Choosing which poems to read

Hi everyone,

At the Notable Poetry Books panel presentation on Saturday I’ll have time to talk about ways teachers can put poetry to work in the classroom and then read one or two poems from CRAWLY SCHOOL FOR BUGS. I’ve been trying to decide on which poems to choose. I’m looking at these three. Help me rank them.

Camouflage Class

Today in class
our teacher said
to change colors,
play dead,
stay so still
we disappear.

One kid went
too far
we fear.

He’s gone
a trace
behind him.

We’ve called
and looked,
but we can’t
find him.

(c) 2018 David L. Harrison, all rights reserved

Horsefly Grade Card:
Doesn’t Play Well with Others

In my heart
I know, of course,
it isn’t nice
to bite a horse.

They’ve tried to teach me
but after school,
as you can guess,

Even thought
I feel remorse,
I must go out
and bite a horse.

(c) 2018 David L. Harrison, all rights reserved

What’s Left of Termite Class

Today at school
we ate some snacks —
pointers, posters,
pictures, plaques,
pansy petals,
ballpoint pens,
puppet piggies,
play-dough hens,
purple plastic
pansy pots,
pencils, paste,
and paper dots —

We ate the walls
and foundation,
hungry for more

(c) 2018 David L. Harrison, all rights reserved

Lovely things can grow from seeds

Hi everyone,

A few weeks ago Terrell Young, who is a professor of children’s literature at Brigham Young University, asked if I had a pumpkin poem in my files suitable for kindergarten children. I did not but told him I would write one. I sent the result to Terrell who then shared it with Amy White, who teaches kindergarten at the BYU Lab School, and Amy shared it with her children.

I love the pictures Amy sent of the kids acting out actions described in the poem.

With Amy’s help, the students made a poster-card to send me, which of course I found to be utterly charming. The poster arrived yesterday so here I am beaming like I just swallowed a mouse. Thank you, kids!

Like Willy says, on the road again…

Hi everyone,

Has anyone seen a conference? I’m ready to go. NCTE in Baltimore this weekend will do just fine. Here’s part of my schedule on Saturday.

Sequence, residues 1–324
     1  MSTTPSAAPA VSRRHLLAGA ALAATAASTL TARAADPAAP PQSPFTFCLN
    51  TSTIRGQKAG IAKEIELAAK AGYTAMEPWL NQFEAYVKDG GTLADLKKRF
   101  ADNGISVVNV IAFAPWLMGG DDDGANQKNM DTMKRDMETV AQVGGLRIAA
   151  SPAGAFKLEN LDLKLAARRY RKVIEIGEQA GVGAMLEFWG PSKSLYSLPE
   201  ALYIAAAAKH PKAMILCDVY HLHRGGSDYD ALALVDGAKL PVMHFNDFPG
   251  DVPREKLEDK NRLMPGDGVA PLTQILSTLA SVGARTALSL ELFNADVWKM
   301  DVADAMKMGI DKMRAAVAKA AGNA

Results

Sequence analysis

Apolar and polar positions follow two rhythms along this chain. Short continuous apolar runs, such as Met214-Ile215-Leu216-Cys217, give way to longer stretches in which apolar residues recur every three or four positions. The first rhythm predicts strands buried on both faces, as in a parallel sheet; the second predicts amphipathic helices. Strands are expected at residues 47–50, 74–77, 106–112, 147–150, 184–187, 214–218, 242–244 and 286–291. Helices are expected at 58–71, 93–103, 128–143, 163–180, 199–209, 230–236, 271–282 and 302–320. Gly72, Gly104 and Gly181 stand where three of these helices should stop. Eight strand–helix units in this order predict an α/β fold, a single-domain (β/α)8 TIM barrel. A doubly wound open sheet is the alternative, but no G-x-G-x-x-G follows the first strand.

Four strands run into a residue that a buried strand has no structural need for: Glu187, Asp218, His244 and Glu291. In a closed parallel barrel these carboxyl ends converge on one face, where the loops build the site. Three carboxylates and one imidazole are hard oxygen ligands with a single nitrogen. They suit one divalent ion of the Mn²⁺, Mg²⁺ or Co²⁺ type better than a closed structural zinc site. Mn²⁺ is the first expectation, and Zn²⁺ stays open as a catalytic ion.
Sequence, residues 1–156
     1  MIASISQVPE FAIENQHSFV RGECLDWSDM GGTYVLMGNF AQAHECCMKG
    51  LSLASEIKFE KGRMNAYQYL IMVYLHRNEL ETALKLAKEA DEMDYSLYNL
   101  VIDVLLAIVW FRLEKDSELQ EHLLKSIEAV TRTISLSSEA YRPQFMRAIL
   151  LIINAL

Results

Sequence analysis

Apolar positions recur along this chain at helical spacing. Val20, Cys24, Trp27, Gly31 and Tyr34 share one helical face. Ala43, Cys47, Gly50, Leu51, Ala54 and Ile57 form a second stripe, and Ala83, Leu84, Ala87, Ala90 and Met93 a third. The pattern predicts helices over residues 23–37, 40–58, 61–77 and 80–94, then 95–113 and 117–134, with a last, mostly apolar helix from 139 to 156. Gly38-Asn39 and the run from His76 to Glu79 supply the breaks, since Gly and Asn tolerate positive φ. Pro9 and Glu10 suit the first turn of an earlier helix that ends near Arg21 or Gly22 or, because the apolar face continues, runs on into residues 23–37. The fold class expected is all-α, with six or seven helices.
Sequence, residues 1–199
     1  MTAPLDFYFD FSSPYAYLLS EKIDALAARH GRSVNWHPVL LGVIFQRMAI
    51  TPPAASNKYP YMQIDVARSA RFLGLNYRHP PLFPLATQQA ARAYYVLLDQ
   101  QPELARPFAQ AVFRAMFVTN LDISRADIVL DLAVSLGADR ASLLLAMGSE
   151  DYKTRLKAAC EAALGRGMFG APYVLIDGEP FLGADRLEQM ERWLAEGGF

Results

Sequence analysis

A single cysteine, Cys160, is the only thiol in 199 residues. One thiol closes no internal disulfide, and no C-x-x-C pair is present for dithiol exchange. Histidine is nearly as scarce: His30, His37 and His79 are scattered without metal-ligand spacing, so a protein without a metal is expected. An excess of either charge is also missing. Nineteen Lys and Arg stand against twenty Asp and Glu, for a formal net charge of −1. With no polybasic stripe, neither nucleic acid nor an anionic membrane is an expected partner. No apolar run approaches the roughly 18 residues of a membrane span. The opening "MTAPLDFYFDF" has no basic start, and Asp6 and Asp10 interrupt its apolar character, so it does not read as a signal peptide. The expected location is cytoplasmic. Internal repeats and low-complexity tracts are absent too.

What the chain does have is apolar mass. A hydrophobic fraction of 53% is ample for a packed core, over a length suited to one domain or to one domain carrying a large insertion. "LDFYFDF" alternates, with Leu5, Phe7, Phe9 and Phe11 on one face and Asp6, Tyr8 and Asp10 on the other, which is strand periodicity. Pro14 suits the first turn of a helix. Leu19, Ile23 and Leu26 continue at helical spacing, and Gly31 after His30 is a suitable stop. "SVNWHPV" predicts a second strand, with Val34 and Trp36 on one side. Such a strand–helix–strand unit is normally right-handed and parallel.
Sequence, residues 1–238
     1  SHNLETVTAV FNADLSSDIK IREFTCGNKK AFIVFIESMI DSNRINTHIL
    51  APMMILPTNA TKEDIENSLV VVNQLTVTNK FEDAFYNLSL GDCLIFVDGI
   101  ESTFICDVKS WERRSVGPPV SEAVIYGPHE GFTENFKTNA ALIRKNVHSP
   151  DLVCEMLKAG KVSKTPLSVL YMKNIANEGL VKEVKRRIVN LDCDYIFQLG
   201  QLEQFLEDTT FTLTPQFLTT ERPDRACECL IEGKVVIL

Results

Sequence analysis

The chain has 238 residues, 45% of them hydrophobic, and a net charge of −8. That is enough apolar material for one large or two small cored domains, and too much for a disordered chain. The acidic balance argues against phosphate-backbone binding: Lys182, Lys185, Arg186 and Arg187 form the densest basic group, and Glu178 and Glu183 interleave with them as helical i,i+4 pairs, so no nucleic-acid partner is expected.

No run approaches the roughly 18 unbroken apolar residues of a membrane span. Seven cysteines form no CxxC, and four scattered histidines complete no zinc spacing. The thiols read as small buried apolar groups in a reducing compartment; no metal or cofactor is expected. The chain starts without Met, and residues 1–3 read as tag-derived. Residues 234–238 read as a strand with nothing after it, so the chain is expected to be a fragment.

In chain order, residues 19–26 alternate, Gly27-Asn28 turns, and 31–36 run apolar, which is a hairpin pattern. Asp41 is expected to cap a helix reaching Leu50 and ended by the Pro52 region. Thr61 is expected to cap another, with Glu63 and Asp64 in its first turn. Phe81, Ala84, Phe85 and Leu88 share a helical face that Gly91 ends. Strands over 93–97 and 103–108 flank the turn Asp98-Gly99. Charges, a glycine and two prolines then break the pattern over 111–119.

11:00 – 12:15
Inquiry through Poetry: The 2019 Notable Poetry Books and Verse Novels, in Room 345.
This is the committee that presents the 2019 choices for Notable Books and introduces the upcoming list for next year. My book, CRAWLY SCHOOL FOR BUGS, is on the upcoming list.
My role at this session is to present for 15 or 20 minutes on ways teachers can introduce poetry into the classroom. I’m trying to help drum up a crowd so tell anyone you know who will be attending the conference to come to Room 345 at 11:00.

Children’s Book Awards Luncheon. I don’t know how many authors will be recognized this year but the room is usually filled with tables for ten, each hosted by an author with a current and/or popular book, and sponsored by their publisher. This year Paul Janeczko will be honored posthumously. Earlier this year my book AND THE BULLFROGS SING was published by Holiday House but I’m being sponsored by Boyds Mills & Kane for CRAWLY SCHOOL FOR BUGS. Some of the other authors I know about are Louise Borden, Rebecca Dotlich, Matt Forrest Esenwine, Nikki Grimes, Georgia Heard, Elizabeth Steinglass, and Amy Ludwig VanDerwater. there will be many, many others.

2:30 – 3:00
I’ll be signing CRAWLY at the BMP/BMK booth, #831. Come by to say hello!

4:00 – 4:30
I’ll be around the Holiday House booth, #844. I’m not scheduled to sign there, but if they have copies of BULLFROG, I’ll be happy to personalize them for anyone who drops by while I’m there.

The rest of my time at the conference is scheduled with meetings and happy reunions. I’m eager to be there.